Senator Corman Continues to Amaze

160px-Corman_flagAs state employees begin to receive the worst of news that they have lost their jobs, Senator Corman continues on his carefree attitude in regards to the matter. You may recall that when asked about the potential layoffs that Governor Rendell was saying were down the road of no new revenue, Senator Corman made the statement that the Commonwealth is not a staffing agency. When being interviewed today about the budget stalemate and the fact that state employees are being laid off as a result of the budget impasse, he again reiterated that the state should be doing the maximum amount of work possible with the fewest number of employees possible. He says that legislators are there to represent the citizens of their respective districts who pay the salaries of state workers. I agree the legislature are there to represent their constituents. I believe sometimes the elected officials tend to forget that they are elected. Those same people that are feeling the pain of a budget impasse, are the ones that elect the leaders and place them in office. Senator Corman is fighting in the “name of his contituents”. However, look at the cost of this fight. State employees have been held hostage for a couple of weeks as a result of the budget impasse. Other state services will begin to feel the impact of a budget impasse very shortly. Education is one key area that is currently operating without state funding that they have come to count on. Obviously the state employees that have suffered for the last couple of weeks because of being forced to work without pay, and are now being told just after receiving their paycheck that they are now being laid off. A quick cost/benefit analysis would reveal that the costs to so many as a result of the Senate Republicans refusal to compromise is just not worth it.

One would think that, of all people, Senator Corman would be hesitant to lay off state workers because so many live in his district. Senator Corman represents a portion of both Centre and Perry Counties. Because of their close proximity to Harrisburg, many state employees live in that area. However, he has stood his ground in regards to no broad based tax increases. He repeated that message in his interview today with PCN. He said that the Senate Republicans would not settle on a budget that doesn’t spend less than last year, and that institutes a broad based tax increase. The interview brought to light a very important concept. It is certainly going to take compromise to work this difficult budget out. When asked about the compromise the Senate Republicans would be making, Senator Corman did not clearly answer the question. His idea of compromise is that they are willing to allow Governor Rendell to have some, not all, of the areas of spending that he proposed in his budget. That is simply not compromise. He is still placing demands that he believes need to be met. He should be coming to the negotiating table with a clean slate and work from there. He can use ideas as markers, but to build a wall around those core ideas is the wrong approach. That is not compromise, you could term it a “compromise with preconditions”. I agree that this Governor has spent much more than he ever should have and he is largely to blame for the position the state finds themselves in. However, at some point it is my view that the 2 bodies are going to have to give and meet in the middle. I have said in previous posts that I believe the House Democrats along with Governor Rendell have done that in reference to the drastic cuts they have levied upon this budget. That is compromise folks. At this point, it would be very wise for the Senate Republicans to begin to realize that the only way out of this hole is to concede to the tax increase as a method of generating the revenue to balance this budget. Just the fact that so many state workers live in Senator Corman’s district, one would think that those losing their job as a result of this impasse, would vote for change in the upcoming election. Politically speaking, that doesn’t speak well for Senator Corman. Overall, it does cast a dark cloud on this whole process and specifically upon the players in this budget impasse.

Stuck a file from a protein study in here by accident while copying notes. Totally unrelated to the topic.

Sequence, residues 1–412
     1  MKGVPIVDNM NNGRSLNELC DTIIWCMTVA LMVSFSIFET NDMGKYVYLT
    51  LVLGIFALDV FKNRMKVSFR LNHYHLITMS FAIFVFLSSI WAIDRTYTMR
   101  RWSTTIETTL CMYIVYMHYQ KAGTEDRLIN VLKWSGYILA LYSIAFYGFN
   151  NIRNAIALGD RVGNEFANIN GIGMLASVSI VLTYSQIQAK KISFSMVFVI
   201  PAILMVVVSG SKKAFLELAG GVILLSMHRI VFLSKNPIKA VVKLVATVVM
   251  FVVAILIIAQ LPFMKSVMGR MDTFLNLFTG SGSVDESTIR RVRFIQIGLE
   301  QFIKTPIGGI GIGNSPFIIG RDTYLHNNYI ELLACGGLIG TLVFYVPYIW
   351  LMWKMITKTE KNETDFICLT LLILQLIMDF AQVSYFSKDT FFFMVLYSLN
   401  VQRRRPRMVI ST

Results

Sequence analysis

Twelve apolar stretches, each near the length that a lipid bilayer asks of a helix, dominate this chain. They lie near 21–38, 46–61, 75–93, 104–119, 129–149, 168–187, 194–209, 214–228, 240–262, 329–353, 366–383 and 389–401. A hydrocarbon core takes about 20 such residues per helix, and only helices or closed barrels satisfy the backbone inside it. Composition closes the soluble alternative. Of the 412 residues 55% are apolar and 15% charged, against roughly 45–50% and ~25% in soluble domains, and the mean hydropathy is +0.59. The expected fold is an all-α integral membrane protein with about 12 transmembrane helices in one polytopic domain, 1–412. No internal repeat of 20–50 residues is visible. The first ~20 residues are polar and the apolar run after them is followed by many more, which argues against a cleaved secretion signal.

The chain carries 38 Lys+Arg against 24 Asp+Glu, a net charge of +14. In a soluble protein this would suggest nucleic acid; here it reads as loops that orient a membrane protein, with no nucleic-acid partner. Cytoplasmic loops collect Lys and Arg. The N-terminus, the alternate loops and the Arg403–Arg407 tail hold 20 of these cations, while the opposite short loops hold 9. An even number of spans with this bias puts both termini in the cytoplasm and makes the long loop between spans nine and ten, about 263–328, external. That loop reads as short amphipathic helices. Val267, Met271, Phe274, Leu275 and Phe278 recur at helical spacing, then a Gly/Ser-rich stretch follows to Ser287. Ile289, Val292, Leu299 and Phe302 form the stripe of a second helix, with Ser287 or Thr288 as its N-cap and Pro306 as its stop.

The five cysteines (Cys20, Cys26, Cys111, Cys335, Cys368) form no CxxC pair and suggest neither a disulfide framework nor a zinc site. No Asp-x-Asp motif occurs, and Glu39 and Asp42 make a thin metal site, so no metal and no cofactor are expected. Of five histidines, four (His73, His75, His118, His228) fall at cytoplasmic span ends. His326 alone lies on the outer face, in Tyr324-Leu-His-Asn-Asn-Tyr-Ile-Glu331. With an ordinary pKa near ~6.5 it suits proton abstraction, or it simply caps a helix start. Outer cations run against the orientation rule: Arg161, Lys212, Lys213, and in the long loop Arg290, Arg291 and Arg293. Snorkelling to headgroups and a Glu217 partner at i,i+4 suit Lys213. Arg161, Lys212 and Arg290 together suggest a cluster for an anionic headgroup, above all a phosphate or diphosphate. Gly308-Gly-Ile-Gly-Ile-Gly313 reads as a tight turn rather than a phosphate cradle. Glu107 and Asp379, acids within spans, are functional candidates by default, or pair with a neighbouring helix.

Governor Rendell will soon be out of office. By looking back upon his tenure as Governor of Pennsylvania, it should be obvious that he has not been a fiscally responsible Governor. Just looking at the level of spending and the inability to get a state budget passed on time in any of the previous years of this administration speak volumes to the ineptness in regards to fiscal policy. Having said that, I am of the opinion that the Republican controlled Senate should take the measures necessary to get this budget passed with the least amount of casualties. Governor Rendell previously proposed increasing the personal income tax .50% for a temporary period of 3 years to balance the budget. This would not have resulted in the layoffs that we currently are seeing in the state workforce. Would this hurt workers in Pennsylvania? Certainly, however it would not have as large an impact as losing jobs and facing stringent cuts to public services in the Commonwealth. The platform of true reform can begin when the next Governor is elected to office. If history repeats itself, we will see a Republican Governor in office to succede Rendell anyway.

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